GOP theatrics drown out testimony as whistleblowers accuse Barr of politicizing Justice Department

"Mr. Chairman, I would ask that the sergeant-at-arms be called upon to stop the disruption of this meeting"

Published June 25, 2020 1:42AM (EDT)

Jim Jordan and Louie Gohmert (SUSAN WALSH/POOL/AFP/Getty Images/Salon)
Jim Jordan and Louie Gohmert (SUSAN WALSH/POOL/AFP/Getty Images/Salon)

Bombshell testimony from Department of Justice whistleblowers accusing the Trump administration of abuse of power was marred Wednesday by the squabbling, theatrics and extended filibusters of retreaded grievances about the origins of the Russia probe from congressional Republicans. 

The GOP officials disrupted testimony from two whistleblowers and a pair of former senior officials called to testify before the House Judiciary Committee about what they described as the Trump administration's politicization of the Justice Department. At times, the elected officials sent the hearing careening entirely off the rails.

The antics distracted from the explosive allegations dropped by former top Mueller prosecutor Aaron Zelinsky, who in prepared testimony accused senior Justice Department officials up to and including Attorney General William Barr of interfering with the rule of law in an effort to protect the President Donald Trump's personal and political interests.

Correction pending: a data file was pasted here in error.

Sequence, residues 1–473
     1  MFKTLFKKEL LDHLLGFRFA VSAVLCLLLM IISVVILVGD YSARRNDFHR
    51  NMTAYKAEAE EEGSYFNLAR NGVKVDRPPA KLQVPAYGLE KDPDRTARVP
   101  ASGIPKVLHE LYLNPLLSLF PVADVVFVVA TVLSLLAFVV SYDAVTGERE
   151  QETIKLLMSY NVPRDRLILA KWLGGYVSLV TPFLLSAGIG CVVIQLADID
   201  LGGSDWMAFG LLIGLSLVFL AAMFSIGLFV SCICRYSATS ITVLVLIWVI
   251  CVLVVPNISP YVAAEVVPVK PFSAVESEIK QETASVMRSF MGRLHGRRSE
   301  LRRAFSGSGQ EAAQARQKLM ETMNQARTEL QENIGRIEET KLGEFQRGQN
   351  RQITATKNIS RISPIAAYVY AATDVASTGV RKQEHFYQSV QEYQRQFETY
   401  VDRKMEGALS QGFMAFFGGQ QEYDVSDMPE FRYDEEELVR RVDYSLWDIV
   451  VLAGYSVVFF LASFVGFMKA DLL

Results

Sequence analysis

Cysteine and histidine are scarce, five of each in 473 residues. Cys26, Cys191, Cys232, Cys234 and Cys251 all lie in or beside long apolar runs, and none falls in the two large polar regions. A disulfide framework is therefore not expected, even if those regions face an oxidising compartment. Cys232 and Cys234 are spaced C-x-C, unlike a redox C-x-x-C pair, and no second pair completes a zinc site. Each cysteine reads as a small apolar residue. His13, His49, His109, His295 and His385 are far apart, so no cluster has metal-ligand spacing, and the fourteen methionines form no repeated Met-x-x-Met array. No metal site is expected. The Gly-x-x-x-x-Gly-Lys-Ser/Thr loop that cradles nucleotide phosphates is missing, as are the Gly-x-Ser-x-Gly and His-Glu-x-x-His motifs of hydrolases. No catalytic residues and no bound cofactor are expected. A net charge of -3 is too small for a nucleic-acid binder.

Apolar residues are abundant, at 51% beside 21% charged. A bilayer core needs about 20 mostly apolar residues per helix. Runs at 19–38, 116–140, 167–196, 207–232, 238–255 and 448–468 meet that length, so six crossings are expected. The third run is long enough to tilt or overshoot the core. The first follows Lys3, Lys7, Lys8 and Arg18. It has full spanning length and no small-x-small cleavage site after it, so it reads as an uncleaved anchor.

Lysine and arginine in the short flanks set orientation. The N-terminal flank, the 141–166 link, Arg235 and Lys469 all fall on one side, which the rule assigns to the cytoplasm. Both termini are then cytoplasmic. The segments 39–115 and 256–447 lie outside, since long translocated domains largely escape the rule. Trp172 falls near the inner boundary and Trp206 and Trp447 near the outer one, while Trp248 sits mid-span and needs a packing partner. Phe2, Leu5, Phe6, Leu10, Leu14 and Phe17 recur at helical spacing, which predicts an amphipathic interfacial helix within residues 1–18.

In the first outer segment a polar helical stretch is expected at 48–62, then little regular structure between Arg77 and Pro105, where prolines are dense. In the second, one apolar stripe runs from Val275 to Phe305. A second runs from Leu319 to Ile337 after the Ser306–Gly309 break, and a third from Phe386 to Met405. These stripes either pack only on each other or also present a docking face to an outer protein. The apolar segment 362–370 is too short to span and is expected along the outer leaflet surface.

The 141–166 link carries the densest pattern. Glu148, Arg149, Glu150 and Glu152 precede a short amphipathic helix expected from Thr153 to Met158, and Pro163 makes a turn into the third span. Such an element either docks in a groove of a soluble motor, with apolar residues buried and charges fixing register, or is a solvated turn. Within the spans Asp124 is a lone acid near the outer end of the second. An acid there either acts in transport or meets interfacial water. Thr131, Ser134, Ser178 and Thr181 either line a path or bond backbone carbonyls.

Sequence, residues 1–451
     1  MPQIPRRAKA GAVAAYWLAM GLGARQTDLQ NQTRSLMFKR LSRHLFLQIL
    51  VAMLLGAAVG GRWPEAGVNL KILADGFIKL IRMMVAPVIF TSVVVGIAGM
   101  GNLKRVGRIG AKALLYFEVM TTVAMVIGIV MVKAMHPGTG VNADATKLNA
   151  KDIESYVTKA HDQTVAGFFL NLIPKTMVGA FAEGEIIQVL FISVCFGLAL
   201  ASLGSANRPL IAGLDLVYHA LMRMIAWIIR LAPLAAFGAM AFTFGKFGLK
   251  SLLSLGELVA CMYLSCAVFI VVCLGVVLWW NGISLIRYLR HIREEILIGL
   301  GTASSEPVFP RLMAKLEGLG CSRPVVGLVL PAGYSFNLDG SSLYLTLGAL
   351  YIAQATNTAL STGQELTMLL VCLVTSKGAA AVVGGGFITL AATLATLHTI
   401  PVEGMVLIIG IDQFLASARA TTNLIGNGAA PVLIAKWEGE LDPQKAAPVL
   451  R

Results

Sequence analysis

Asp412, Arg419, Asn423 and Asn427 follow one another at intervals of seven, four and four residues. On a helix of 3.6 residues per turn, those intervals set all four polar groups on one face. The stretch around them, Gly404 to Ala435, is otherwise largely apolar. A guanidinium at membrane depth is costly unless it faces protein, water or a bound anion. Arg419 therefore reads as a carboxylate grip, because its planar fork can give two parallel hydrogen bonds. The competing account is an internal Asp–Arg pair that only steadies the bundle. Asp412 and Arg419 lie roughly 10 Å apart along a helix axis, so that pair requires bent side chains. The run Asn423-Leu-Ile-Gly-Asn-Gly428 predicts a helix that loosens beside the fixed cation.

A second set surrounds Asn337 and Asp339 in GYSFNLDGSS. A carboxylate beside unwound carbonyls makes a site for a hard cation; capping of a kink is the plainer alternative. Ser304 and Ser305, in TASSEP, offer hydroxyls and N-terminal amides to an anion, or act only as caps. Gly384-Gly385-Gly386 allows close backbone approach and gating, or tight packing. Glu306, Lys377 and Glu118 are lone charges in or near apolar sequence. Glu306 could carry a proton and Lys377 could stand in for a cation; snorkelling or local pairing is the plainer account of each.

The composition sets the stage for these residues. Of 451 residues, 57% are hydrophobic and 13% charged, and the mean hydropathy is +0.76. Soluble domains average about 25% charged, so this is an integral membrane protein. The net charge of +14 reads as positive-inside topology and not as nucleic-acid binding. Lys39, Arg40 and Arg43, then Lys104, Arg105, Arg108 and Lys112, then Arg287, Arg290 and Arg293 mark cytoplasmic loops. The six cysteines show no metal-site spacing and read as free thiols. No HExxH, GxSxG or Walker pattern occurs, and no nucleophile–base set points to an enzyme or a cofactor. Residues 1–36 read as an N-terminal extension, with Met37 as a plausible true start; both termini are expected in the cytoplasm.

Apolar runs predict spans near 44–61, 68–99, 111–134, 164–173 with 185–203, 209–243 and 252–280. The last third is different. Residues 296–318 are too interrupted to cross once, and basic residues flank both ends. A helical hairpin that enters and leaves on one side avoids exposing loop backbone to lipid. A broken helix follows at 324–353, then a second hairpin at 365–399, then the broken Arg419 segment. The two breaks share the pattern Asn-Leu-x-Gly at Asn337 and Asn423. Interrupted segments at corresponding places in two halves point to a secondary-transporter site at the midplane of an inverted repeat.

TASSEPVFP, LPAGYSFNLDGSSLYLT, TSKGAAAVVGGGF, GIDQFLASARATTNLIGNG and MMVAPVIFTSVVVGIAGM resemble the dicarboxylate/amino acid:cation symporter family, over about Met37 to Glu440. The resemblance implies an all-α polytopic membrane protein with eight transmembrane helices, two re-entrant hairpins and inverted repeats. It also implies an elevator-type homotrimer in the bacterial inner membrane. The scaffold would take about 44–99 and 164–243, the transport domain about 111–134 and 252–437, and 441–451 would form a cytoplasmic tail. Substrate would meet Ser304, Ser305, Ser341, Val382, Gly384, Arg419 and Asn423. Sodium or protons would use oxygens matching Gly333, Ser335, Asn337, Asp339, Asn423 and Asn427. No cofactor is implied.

Rep. Louie Gohmert, R-Tex., kicked off the highly-partisan showdown as former Deputy Attorney General Donald Ayer read his opening statement.

"I was privileged to serve in the DOJ under two Republican and one Democratic president, and I am here because I believe that William Barr poses the greatest threat in my lifetime to our rule of law and to public trust in it," Ayer read, alleging that the attorney general had worked "to advance his own lifelong conviction that the president should hold virtually autocratic powers."

As Ayer went over his allotted five minutes, Gohmert began making a loud tapping noise, drawing the ire of Democrats who could not hear as the former senior official continued to read.

"Mr. Chairman, I would ask that the sergeant-at-arms be called upon to stop the disruption of this meeting," Rep. Hank Johnson, D-Ga, said. "I can't hear this witness. This is a very important witness."

"Yeah, well he's way beyond his time," Gohmert responded. "And if there are no rules about when people can talk, there are no rules about when you can make noise."